E-mail was a novelty when Kathleen Kelly (Meg Ryan) logged on to her laptop in the opening scene of the 1998 hit romantic comedy “You’ve Got Mail.” A mere decade later, e-mail is a cornerstone of modern communications. But a growing body of research suggests we’ve yet to adapt our social behaviors to fit with an era where every message we send is next to impossible to digitally erase.
It’s 4:18 p.m. on Tuesday. Your afternoon meeting ran late and a Post-it note on your keyboard reads “proposal status?” Proposal? S&*#! That’s due tomorrow, isn’t it? You check your e-mail inbox. Unread messages: 837. One of them, you think, might have the details. Which one? The phone rings. It’s your child’s teacher. There’s a problem. Can you meet at 5 p.m.? Today?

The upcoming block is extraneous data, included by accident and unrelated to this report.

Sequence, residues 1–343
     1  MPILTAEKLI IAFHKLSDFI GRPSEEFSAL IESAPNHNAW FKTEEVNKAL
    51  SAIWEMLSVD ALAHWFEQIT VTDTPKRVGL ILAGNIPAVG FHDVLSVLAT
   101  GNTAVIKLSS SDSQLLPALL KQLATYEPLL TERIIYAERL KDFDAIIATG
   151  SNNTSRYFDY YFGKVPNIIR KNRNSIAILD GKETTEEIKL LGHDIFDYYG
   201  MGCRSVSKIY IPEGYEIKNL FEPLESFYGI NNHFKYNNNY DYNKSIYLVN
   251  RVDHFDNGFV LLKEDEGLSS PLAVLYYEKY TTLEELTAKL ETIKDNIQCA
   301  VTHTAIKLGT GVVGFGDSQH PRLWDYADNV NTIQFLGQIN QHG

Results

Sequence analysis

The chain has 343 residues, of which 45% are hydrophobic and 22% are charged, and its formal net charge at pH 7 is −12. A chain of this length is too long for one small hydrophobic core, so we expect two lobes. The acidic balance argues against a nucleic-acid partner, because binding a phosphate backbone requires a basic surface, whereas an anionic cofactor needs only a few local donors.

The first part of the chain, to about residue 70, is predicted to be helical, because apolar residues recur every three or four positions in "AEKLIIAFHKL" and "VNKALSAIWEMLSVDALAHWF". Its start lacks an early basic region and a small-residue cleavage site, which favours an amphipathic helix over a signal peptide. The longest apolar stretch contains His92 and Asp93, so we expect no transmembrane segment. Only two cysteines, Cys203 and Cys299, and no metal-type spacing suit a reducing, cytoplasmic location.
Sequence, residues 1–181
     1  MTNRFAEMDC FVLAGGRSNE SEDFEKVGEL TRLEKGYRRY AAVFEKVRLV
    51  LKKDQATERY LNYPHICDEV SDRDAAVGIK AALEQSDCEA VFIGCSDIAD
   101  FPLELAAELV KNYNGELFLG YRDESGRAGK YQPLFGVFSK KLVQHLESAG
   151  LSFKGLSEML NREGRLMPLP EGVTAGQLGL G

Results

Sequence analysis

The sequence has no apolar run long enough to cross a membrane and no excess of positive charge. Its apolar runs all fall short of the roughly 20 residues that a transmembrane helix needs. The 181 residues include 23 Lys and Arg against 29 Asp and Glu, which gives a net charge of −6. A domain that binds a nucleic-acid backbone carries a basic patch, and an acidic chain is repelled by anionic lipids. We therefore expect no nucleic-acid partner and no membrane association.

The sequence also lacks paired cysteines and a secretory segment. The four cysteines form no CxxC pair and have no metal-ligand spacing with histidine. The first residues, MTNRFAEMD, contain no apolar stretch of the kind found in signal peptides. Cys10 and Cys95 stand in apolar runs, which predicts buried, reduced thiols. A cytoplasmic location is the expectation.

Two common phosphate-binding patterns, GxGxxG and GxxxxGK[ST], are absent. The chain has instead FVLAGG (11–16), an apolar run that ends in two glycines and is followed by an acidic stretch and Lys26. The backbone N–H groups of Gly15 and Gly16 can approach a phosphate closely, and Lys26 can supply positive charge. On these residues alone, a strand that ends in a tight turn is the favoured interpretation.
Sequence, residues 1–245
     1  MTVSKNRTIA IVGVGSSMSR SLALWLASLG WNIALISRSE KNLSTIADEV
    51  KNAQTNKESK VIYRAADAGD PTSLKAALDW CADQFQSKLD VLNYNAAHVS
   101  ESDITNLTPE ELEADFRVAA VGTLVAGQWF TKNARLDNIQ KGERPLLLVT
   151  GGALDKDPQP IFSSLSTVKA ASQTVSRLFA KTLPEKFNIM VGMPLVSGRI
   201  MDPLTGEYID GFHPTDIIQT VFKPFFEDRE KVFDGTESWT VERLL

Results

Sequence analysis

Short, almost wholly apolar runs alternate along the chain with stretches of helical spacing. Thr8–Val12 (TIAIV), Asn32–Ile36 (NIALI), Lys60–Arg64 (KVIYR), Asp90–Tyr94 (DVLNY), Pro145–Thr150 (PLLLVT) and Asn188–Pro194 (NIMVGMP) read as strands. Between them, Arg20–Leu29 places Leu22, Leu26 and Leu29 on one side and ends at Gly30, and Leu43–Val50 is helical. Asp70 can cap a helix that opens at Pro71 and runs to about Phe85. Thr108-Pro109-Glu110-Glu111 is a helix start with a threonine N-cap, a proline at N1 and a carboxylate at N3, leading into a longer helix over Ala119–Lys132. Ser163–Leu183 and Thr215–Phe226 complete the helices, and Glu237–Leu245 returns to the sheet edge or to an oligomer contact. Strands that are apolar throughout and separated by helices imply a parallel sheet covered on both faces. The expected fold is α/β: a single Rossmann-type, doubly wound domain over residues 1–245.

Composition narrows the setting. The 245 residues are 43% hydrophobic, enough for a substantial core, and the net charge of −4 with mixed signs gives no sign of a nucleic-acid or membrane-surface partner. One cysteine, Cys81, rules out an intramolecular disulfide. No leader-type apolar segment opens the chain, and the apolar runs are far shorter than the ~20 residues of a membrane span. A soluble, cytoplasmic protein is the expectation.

Sound familiar? Stressed out? Most of us have been there – that awful feeling of too much to do and no time to do it. Our fix? We make a promise to get organized … someday. But how?
E-mail is a nuisance for Mike Geile, as it is for many people. But his beef is different than most. The 36-year-old carpenter from Ketchum, Idaho, doesn’t have an electronic post office box. Nevertheless, every day someone – a friend, relative, co-worker, bill collector, store clerk – asks for it.
“I don’t have one,” he tells them.
“What?” they say.
How rich are your new neighbors? Who just called your phone? Want to pretend you’re somebody else? There’s an Internet technology out there to collect the information you need. And even if you’re not interested, an identity thief, marketing company, government snoop or nosy neighbor can surf the Web and probably find out about you.
Professors debate whether laptops are a help or hindrance in the classroom.